We often hear that there is no such thing as “bad” press. The fact that someone is talking about you at all is considered a good thing, right? It can place you in the spotlight for a fleeting moment and give you the opportunity to right a wrong. Misfortune may befall, and mistakes will be made. The fallout is usually brief; it’s how you deal with it can help you win friends and influence others.
There have always been forums for patients to voice complaints and, of course, regulatory bodies for serious claims. But in today’s culture of sharing the most mundane of activities and trivial opinions on social media, the exposure is magnified. People are increasingly post-happy, looking to provoke controversy in search of their 15 minutes of fame.
Within this climate, it is only prudent to develop a plan for damage control. Like back-up and recovery of your data in the event of cybercrime or catastrophe, reputation management requires an ounce of prevention.
Essentially, it’s the patient experience itself that becomes your best risk mitigator. One of the wisest things you and your team can do is ask for patient feedback after each appointment. Did we meet your expectations? Is there anything we could improve to make you more satisfied? Especially if your team has tracked the patient’s appointment in your practice management software and has used the information in real time to smooth out any glitches, feedback is valuable.
Post-appointment surveys can be even more effective; they open lines of communication and keep you top-of-mind. They provide an equal opportunity for positive feedback which can be used (with permission) as a testimonial. A survey also opens the door to ask for referrals. The important thing is to ask for feedback and make it easy for your patients to give it.
In the case of a clinical error or unfortunate outcome, you would likely be immediately aware of the situation and able to work with your patient towards resolution. In the case of dissatisfaction with service or other issues, however, you may never have the opportunity for direct communication. And either case could go viral before you even break for lunch.
For a business, receiving a complaint – or worse, reading about one directed at your practice – can be shocking. The natural first reaction is emotional: we get angry, insulted, defensive. Some respond by immediately firing back an angry tweet.
Don’t do that. Instead:
- Give it time. In 24 hours, emotions will fade, and you can focus on facts. Make sure that your staff is aware of this advice.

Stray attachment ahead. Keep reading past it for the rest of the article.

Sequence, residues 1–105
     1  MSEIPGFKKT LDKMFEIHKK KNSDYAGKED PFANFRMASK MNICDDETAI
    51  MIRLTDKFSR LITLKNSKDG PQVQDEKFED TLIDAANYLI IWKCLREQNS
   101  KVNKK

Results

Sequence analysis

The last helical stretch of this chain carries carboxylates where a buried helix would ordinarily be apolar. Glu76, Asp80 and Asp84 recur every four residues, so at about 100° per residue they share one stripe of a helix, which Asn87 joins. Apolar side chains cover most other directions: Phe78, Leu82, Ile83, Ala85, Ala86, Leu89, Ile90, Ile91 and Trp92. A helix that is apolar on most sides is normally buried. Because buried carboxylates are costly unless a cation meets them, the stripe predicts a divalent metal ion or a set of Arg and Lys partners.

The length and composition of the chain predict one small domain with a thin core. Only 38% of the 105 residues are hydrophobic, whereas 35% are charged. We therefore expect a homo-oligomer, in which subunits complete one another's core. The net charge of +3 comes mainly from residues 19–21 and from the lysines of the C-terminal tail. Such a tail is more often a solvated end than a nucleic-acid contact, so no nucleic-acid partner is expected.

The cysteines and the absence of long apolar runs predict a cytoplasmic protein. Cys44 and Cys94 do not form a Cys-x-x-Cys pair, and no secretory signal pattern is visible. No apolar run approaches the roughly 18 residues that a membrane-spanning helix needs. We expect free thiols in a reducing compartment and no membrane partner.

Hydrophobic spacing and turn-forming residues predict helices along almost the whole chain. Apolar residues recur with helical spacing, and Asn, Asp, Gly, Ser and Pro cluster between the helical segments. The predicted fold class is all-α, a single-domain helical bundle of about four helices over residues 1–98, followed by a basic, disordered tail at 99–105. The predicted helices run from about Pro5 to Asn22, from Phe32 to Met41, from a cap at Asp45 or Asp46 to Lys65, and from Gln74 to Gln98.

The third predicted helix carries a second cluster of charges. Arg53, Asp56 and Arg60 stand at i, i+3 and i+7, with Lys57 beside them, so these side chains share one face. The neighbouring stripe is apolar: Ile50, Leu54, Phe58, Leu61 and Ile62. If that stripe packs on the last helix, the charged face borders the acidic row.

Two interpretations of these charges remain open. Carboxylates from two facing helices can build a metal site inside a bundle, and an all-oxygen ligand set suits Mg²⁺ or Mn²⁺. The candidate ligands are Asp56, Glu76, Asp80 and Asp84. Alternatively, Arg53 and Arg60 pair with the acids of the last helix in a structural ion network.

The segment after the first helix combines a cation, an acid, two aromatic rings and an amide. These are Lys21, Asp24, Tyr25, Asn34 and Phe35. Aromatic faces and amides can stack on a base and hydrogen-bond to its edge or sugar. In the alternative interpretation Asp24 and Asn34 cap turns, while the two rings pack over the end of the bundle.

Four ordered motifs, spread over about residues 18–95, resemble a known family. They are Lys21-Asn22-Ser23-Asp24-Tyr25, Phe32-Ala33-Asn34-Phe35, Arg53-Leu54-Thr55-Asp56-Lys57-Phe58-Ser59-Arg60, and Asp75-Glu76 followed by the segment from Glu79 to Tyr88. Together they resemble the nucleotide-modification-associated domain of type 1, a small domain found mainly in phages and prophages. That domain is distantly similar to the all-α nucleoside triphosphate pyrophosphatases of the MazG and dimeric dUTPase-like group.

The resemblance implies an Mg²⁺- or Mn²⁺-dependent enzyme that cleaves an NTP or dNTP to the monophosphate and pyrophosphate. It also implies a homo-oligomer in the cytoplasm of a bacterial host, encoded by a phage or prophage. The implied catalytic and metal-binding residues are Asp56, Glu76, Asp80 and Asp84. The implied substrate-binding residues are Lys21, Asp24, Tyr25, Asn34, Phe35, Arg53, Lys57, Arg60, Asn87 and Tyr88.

- Assemble your facts. If warranted, involve relevant staff. Use your practice management software history for details. Make the exercise about fact-finding, not blame-seeking.
- Respond to your challenger using the same channel. Thank the patient for taking the time to communicate. “Your feedback helps us understand and address how patients perceive our service.”
- There is usually no need to apologize. “We are sorry you feel that way.” is a good way to validate feelings without accepting fault.
- Depending on the patient and the complaint, you might consider inviting the person to contact you directly to offer their perspective for improvement.
- Again, depending on the patient and the complaint, a personal phone call might be warranted, instead of or in addition to the above.
- Finally, there are situations where you are best advised to simply defer to your lawyer.
It seems unjust that one negative incident can outweigh the scores of positive interactions and examples of exceptional service you provide on a daily basis. Alas, the rule of asymmetrical rewards can apply in dentistry as much as in any customer-facing company.
Here is some food for thought to address the imbalance:
- It is healthy to acknowledge your feelings. Criticism stings. Any Psychologist – and any mother – will assure you that “Nobody’s perfect” and “You can’t please everybody all of the time”. In fact, the principle of the pratfall effect validates the idea that infallibility is endearing. Flaws can make an individual more likable and less intimidating.
- You – and your practice – have supporters. In the event of bad press, you may discover loyal patients inspired to voluntarily rally to your defence. I described in a recent post some of the steps you can take to improve your Facebook and social media presence… asking for testimonials is one of them. Let the occasional negative item get lost in a sea of praise. And the more digital presence you create, the more search engine prominence gets placed on space you control.
- Remember the power of the self-fulfilling prophecy, also known as the Pygmalion effect. It’s helpful to keep this principle in mind so that you – and your staff – do not allow a minor complaint to build out of proportion.
- Finally, count on the spotlight effect. Although an overblown bad review about a trivial matter can still seem earth shattering, the fact is that in most cases, an isolated bit of bad press is not noticed as much as we think.
I am not a Psychologist, but I am a mother, and I learned from the best. I also found inspiration and data for this post in an article by Rebekah Bernard in Medical Economics, and another by Kevan Lee, Director of Marketing at Buffer. When it comes to the power of positive thinking, I’ll take the half-full glass every time. Cheers!